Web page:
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The news site of Glenbrook South High School.

The Oracle

The news site of Glenbrook South High School.

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NCAA needs to pay up for student revenue

This past spring, college basketball experienced arguably its strangest championship game as Shabazz Napier and the seventh seeded Connecticut Huskies defeated the eighth seeded Kentucky Wildcats. Napier took the tournament’s Most Outstanding Player award; however, his play in the tournament was not the only thing that warranted headlines. 

Days before the championship game, in a post-practice interview, Napier revealed something that captured the attention of the sports world: “I don’t feel student-athletes should get hundreds of thousands of dollars, but […] there’s hungry nights, and I’m not able to eat and I still got to play up to my capabilities,” Napier said. The poverty of these athletes was exposed as a real conflict, and the conversation on whether student-athletes should be paid has come back under the national spotlight.

The NCAA acted promptly to Napier’s plea and instituted a meal plan for athletes, both scholarship and walk-ons, which grants them unlimited meals and snacks as a part of their participation in college athletics. While this is a nice supplement to help out those athletes who may lack some of the basic necessities, star college athletes are gold mines for universities, and, by rule, the players are prohibited from seeing a dime of these profits.

When you walk on the streets and see someone sporting a Texas A&M football jersey with the number two gracing the front and back, the immediate association is with former star quarterback, Johnny Manziel, despite the fact that the name “Manziel” is omitted from the jersey. Last year, according to ESPN, Texas A&M jerseys accumulated nearly 60,000 dollars in sales. This figure excludes any shirts using Manziel’s famed nickname “Johnny Football” or the use of his jersey number on a shirt.

While this figure is minuscule in comparison to the 72 million dollars made by the school, the arrival of Manziel caused an increase of 9 million dollars in revenue for the school and propelled it to 14th on Forbes list of Most Valuable College Football teams, after being left out of the top 20 the previous year. Don’t these athletes deserve to see some of this profit?

If college athletes were to be paid, this would obviously require some kind of split. In 2013, the University of Texas athletics generated 165.7 million dollars in revenue. Of that, the football team, despite not performing to standards, brought in 139 million dollars of the 165.7 million dollars, approximately 84 percent of the athletic revenue.

By this logic, a football player should be making a hefty amount more than a volleyball player. Schools should be proportionally distributing the money based on how much each sport brings in. The universities that provide their athletes with so much, such as practice facilites and special tutors, are entitled to a hefty amount of the revenue because without their assitance, student athletes would not be able to perform to their potential.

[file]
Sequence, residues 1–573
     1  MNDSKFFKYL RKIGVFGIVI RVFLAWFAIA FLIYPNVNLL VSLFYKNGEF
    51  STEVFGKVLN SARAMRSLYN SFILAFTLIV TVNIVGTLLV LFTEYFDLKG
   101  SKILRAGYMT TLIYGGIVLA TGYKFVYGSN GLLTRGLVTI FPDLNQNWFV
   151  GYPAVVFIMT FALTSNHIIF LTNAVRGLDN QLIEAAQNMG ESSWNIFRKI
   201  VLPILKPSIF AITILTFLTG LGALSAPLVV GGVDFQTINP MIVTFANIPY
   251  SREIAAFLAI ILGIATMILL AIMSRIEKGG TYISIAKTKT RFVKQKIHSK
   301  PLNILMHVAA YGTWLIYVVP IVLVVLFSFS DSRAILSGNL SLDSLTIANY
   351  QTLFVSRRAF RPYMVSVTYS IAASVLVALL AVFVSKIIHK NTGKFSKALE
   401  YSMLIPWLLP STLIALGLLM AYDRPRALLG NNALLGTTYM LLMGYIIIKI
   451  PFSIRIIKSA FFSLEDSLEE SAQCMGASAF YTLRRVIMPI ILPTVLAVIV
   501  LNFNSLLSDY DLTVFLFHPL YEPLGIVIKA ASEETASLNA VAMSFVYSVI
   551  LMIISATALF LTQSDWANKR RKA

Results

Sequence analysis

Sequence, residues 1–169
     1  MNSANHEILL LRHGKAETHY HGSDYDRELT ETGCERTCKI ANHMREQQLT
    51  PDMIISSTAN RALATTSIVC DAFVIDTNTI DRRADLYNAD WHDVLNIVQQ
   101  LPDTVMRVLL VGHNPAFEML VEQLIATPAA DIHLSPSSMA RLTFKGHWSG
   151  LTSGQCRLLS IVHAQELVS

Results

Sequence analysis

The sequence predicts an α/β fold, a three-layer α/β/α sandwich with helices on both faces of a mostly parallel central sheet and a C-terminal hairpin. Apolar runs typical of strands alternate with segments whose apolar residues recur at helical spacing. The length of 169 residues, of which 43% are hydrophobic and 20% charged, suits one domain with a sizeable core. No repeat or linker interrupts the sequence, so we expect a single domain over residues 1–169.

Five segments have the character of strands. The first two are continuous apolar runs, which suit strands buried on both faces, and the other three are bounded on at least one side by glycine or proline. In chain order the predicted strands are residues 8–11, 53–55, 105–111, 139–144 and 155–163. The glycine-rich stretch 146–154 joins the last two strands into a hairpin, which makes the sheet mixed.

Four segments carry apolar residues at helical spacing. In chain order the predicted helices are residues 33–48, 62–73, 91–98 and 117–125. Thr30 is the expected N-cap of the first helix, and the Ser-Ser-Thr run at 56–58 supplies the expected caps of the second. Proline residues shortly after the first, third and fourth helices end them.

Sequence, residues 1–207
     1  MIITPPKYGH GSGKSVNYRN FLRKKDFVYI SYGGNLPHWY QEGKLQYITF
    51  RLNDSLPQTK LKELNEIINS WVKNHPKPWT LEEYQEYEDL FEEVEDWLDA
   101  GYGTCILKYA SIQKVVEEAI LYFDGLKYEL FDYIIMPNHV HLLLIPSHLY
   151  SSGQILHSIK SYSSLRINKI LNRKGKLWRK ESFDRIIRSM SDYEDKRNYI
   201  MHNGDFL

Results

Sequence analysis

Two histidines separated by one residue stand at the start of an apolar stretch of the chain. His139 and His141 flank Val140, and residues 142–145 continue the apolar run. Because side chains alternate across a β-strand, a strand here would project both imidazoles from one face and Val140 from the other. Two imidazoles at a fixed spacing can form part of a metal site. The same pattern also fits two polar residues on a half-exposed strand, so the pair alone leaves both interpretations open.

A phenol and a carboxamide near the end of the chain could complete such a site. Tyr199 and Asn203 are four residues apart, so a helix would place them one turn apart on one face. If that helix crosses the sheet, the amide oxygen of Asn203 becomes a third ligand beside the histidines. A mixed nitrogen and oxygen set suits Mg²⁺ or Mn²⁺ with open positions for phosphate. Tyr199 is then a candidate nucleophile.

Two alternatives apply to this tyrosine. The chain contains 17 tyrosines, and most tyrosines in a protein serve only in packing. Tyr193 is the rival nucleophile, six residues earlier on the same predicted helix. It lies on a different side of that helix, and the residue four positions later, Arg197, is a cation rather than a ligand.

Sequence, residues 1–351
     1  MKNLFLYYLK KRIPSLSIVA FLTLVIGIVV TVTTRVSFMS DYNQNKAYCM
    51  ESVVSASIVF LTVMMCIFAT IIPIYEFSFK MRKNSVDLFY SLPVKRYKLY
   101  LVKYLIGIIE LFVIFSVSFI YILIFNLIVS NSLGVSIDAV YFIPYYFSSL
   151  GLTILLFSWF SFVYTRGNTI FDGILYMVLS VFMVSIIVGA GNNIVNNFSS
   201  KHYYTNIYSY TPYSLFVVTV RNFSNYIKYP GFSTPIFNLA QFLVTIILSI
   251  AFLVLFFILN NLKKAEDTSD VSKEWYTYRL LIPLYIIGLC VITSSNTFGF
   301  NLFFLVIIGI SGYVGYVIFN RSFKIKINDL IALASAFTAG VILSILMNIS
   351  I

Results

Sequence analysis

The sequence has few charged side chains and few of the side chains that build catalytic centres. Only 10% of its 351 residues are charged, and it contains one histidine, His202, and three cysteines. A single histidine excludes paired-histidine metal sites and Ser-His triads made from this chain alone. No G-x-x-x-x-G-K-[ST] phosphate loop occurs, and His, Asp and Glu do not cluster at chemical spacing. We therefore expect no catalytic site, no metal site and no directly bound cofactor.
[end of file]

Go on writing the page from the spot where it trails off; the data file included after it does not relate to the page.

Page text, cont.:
On the contrary, these kids are not asking for hundreds of thousands of dollars. Some of these kids just need enough to support themselves with basic necessities like food and deserve to have enough to support themselves.

Many argue that these players, if they stay in college all four years, already receive hundreds of thousands of dollars through scholarships. But what some fail to realize is that, if it were still possible, some of these athletes would like to take the “LeBron James Route” and skip college altogether and reap the benefits of a multi-million dollar contract straight out of high school.

The stars of college sports are restricted because leagues like the NFL and NBA now require their players to attend college before entering their amateur drafts. If these players suffer career-ending injuries in college, the NCAA is potentially costing them millions of dollars that they could be making while playing professionally.

A newly developed trend for NBA prospects to elude the “college route” is to play overseas for a year where the players can earn money, sign endorsement deals and negotiate insurance policies to protect their future earnings in the event of an injury. One of these players to skip college is 2014’s number two overall high school prospect, Emmanuel Mudiay, who committed to play at Southern Methodist University. However, Mudiay reconsidered his decision and dropped his basketball scholarship at SMU to play for China’s Guangdong Tigers, while earning 1.2 million dollars for his services, and signed an endorsement deal with Under Armour.

With a profitable loophole present in the situation, why are these athletes required to attend college in the first place? If colleges want to continue to produce star athletes, the NCAA is going to have to start feeding these kids their “greens.”

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